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Master’s Program Degrees

Offered through the UIC School of Public Health, Master of Science degrees prepare students for careers and doctoral-level study in public health research, at non-profit and governmental organizations, at labs and companies in industry, and as policymakers.

Programs focus on research methods, statistical analysis, program management and more. The MS thesis provides a culminating experience for students working with a research team to investigate public health issues central to students' chosen area of focus.

MS in Clinical and Translational Science Heading link

young female researcher examining specimen in petri dish

The MS in Clinical and Translational Science is designed for applicants with previous clinical training or those in concurrent clinical degree programs, especially those in fellowship programs, postdoctoral training positions, or junior faculty with clinical responsibilities.

Students, primarily post-doctoral or post-residency fellows and junior faculty, will learn the basic skills used by clinical researchers supplemented by a broad array of relevant electives that will provide basic concepts and theories consistent with each student’s goals and objectives. Each student will work with his/her advisor and the program director to develop a program of study uniquely tailored to individual interests and future goals.

As part of the MS in Clinical and Translational Science, students learn to communicate their insights effectively, to write well-conceived and persuasive grant application, complete research hours to collect data which is then written into a thesis paper and also formatted into a presentation for a Thesis Examining Committee. Students learn the importance of ethical treatment of their subjects and as apprentice clinical investigators, they learn how to participate in a broader multidisciplinary research community that includes basic and social scientists, as well as clinicians from other areas of clinical practice.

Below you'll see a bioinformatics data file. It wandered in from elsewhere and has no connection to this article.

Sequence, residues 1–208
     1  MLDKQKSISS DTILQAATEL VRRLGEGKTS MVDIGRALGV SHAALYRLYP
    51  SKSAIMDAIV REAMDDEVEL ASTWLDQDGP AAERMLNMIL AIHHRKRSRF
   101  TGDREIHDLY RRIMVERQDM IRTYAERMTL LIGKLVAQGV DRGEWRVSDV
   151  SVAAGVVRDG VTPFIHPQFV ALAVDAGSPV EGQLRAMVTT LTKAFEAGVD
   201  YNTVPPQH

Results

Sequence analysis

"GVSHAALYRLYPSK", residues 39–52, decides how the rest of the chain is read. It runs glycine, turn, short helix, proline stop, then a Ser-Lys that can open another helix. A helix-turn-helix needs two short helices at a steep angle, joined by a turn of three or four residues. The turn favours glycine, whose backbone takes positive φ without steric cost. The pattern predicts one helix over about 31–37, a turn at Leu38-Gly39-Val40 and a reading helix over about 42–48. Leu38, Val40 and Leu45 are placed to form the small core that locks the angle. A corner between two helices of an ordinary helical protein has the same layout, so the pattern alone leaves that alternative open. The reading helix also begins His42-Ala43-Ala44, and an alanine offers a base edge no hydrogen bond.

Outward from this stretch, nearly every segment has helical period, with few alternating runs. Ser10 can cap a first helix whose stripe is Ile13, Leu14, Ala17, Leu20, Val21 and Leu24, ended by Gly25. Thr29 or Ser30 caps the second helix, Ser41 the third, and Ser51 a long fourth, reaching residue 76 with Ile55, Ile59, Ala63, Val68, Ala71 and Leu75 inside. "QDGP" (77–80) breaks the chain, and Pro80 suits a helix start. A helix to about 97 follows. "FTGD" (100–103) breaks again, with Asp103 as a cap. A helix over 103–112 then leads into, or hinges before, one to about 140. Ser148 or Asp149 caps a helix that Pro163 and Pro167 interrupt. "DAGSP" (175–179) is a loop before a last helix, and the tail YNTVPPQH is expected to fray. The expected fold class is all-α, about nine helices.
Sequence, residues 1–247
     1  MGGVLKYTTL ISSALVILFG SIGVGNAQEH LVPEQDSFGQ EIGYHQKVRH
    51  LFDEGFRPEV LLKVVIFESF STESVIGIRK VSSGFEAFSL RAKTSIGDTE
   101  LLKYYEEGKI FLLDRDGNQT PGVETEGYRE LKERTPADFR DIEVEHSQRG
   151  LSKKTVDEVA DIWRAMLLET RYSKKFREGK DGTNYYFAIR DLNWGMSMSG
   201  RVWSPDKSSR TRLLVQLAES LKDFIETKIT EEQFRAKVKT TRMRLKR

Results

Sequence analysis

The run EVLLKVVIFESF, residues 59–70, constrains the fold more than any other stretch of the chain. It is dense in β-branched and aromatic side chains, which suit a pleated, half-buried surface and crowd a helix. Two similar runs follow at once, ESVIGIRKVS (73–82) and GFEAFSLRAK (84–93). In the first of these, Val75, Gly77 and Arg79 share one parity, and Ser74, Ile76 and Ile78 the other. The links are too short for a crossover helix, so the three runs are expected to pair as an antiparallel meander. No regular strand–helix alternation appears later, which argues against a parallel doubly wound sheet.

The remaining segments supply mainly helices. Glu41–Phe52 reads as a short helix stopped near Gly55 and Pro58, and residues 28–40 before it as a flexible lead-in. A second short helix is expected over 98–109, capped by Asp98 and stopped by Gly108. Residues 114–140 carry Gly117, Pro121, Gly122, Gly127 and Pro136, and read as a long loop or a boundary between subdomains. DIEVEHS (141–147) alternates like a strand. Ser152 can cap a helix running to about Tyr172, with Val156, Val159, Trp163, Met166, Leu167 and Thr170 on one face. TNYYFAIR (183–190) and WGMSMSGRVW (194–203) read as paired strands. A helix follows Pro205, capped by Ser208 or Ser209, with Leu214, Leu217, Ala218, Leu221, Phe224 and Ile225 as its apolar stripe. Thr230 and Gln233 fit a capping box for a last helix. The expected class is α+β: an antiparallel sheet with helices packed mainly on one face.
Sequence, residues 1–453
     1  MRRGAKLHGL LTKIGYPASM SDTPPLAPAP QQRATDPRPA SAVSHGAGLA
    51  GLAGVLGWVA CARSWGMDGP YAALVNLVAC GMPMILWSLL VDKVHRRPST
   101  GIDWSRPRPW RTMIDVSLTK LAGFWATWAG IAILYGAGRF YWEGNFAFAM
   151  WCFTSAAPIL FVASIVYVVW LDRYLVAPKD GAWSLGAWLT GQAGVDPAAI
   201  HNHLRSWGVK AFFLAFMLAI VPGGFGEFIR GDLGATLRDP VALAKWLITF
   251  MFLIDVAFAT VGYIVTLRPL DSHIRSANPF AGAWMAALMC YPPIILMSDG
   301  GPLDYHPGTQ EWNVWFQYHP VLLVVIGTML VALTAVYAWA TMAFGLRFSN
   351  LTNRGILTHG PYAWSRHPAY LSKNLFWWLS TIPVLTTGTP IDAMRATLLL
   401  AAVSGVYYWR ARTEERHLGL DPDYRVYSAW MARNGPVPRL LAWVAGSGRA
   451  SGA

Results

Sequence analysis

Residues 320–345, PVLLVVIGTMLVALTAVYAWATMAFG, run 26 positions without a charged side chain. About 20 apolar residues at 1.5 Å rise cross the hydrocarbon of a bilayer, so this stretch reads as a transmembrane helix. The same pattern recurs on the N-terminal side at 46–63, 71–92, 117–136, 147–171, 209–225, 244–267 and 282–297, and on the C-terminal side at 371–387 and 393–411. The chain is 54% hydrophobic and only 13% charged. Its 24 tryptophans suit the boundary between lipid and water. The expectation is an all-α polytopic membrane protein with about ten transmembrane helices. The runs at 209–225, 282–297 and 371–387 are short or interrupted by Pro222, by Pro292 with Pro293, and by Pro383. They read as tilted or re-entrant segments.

Graduates of the MS in Clinical and Translational Science have the skills to direct a broad range of clinical studies, including the translation both of scientific knowledge into clinical science and of clinical science into practice.

The MS in Clinical and Translational Science consists of these basic components:

  1. A multi-disciplinary didactic program
  2. A series of workshops and seminars
  3. A research project under the mentorship of senior clinical researchers
  4. A formal presentation conducted in front of the selected examining committee
  5. Submission of an approved final thesis to the graduate college.

Completion of the program takes two years for full-time students. Part-time students generally take three to four years to complete the program.

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Joint Degrees Heading link